US Cities on Screen: Los Angeles
The City of Angels is the most populous city of California, the second largest in the States, and – how could we forget – the epicenter of Hollywood moviemaking. Unsurprisingly, this so-called Dream Factory, where dreams are made as fast as they’re broken, has stared itself in the mirror on more than one occasion; there are thousands of movies set in LA. So the question is: What stares back? Glamorous red carpets, sex tapes, sleaze, corrupt cops, bouncing low-riders, traffic on the San Bernardino freeway. Whatever it is, the city itself always sparkles on the silver screen. From Compton to Beverly Hills, here are some of its best moments.
Boyz n the Hood
One of the original hood movies, John Singleton’s first film featured none other than NWA's Ice Cube, in his acting debut. Set and shot in South Central, it serves up a blistering snapshot of gang rivalry, vengeful drive-bys, and police brutality, all depicted in a pre-Rodney King LA. It’s a time capsule of the city in the early 90s, when it was the beating heart of West Coast hip-hop, with bouncing Cadillacs and “fuck the police” scrawled on street corners. As its poster proclaims, it ain’t no fairy tale.
If it bleeds it leads. That’s the questionable mantra of Lou Bloom, a freelance camera “reporter” who sells gory crime footage to local news station KWLA 6. Written and directed by Dan Gilroy, Nightcrawler shines a light on the sordid underbelly of LA’s media industry – specifically, its thirst for blood. Jake Gyllenhaal is more than a little creepy as the bug-eyed Lou Bloom. As for the city itself, it twinkles at night, shot from the Hollywood Hills and the Griffith Observatory, where James Dean got in a knife fight in Rebel Without a Cause. Watching Nightcrawler will change the way you watch local LA news stories, for sure.
Mi Vida Loca
Described in its trailer as “a provocative movie about girls, gangs and guns”, Allison Anders's hard-hitting hood movie was shot in Echo Park, back when Echo Park was a rough, impoverished Hispanic neighborhood (it’s now gentrified and populated by hipsters, as you probably guessed). The director worked with actual gang members and lays bare the effects of gang violence and the toll it takes on women. It’s raw, original, and totally nostalgia-inducing, with its characters in baggy denim, hairnets, and knuckle tattoos in gothic fonts. Look out for Spike Jonze and Jason Lee in their feature debut as the two lanky white kids.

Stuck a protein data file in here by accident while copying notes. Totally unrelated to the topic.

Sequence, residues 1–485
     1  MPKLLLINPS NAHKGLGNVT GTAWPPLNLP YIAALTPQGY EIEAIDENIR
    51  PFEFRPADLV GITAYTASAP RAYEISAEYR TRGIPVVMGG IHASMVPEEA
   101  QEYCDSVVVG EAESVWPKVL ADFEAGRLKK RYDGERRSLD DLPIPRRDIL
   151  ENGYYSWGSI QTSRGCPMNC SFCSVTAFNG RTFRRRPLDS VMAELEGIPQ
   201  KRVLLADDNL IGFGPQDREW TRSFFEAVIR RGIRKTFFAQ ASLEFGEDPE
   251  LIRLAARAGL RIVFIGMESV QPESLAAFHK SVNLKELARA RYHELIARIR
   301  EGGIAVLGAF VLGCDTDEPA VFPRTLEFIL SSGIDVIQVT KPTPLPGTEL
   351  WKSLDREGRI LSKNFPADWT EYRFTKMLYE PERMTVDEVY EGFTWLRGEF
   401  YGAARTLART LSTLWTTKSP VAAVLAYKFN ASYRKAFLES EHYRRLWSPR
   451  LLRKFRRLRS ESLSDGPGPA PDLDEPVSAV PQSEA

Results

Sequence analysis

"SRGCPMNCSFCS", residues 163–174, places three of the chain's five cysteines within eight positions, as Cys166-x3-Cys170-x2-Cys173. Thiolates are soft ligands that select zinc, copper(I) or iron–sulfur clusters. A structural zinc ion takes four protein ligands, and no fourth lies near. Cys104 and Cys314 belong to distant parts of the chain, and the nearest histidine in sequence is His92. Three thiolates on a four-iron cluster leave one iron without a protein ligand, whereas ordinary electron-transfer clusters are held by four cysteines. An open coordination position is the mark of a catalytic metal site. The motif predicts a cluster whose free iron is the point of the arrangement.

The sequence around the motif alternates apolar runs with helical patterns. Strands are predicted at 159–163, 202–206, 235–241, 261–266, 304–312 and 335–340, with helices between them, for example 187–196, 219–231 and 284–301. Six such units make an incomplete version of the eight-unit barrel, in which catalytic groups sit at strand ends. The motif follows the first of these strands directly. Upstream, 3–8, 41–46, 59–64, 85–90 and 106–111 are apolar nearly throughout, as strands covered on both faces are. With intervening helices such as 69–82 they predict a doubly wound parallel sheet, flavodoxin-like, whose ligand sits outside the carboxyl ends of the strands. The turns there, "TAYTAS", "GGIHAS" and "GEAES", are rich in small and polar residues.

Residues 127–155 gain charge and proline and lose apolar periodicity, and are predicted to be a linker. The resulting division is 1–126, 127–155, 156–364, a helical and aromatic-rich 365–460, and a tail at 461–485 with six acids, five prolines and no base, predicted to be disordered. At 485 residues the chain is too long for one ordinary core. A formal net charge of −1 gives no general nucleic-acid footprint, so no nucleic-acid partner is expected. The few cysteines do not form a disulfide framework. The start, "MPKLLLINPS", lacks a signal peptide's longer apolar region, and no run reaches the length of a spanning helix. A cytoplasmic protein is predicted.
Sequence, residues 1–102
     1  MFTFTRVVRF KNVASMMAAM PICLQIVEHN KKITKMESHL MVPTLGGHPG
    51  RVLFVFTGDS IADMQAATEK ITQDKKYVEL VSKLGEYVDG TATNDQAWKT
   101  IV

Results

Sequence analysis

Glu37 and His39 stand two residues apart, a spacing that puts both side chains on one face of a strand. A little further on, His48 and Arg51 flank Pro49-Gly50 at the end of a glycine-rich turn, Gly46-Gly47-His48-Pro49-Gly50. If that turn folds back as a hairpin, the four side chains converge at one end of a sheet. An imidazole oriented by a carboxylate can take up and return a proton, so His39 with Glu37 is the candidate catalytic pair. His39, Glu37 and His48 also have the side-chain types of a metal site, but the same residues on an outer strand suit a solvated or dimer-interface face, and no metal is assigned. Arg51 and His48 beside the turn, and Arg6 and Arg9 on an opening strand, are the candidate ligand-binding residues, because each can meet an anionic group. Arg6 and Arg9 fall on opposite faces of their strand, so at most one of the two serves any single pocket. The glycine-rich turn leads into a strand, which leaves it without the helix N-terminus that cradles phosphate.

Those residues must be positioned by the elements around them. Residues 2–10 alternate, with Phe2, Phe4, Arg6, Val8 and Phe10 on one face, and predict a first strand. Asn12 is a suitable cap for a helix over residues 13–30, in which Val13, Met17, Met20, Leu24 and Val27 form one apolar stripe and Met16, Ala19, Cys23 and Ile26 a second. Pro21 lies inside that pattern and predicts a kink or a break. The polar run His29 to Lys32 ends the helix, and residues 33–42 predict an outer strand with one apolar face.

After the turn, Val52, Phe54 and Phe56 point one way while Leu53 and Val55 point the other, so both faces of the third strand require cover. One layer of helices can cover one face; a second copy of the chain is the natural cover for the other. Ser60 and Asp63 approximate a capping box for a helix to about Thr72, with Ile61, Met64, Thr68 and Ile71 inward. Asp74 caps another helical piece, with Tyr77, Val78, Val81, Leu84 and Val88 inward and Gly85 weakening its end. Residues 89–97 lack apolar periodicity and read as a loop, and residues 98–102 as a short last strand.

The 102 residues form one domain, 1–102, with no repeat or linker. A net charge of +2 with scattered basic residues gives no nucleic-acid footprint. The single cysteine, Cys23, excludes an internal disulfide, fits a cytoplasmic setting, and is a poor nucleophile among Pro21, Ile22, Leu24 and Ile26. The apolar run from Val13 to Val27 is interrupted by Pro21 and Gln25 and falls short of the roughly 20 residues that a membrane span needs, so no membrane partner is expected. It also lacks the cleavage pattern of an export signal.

Robert Altman’s epic patchwork of LA tales, plucked from various Raymond Carver short stories, is the ultimate movie set in the City of Angels. With the help of musicians Tom Waits, Lyle Lovett, and a whole ensemble of early 90s movie stars, the maverick moviemaker stitches together stories including a drunken limo driver, a phone-sex operator, and a baker who prank calls his customers. Only in LA, you think to yourself. Soon the stories overlap, and you see how they come together in one colossal climax that prefigures Magnolia. You could even say: without Short Cuts there would be no Magnolia. Speaking of which…
Paul Thomas Anderson’s three-hour-plus drama is another one that weaves together stories and characters that initially seem unrelated. Slowly, these LA characters start to cross paths and you see how they’re all pieces in PTA’s giant jigsaw that, to some, doesn’t make a whole lot of sense. I’m gonna go out on a limb here and say this is the first-ever movie to feature a scene with raining frogs. (Side note: PTA also made two other LA-set movies that you should 100% check out: Punch-Drunk Love and Boogie Nights.)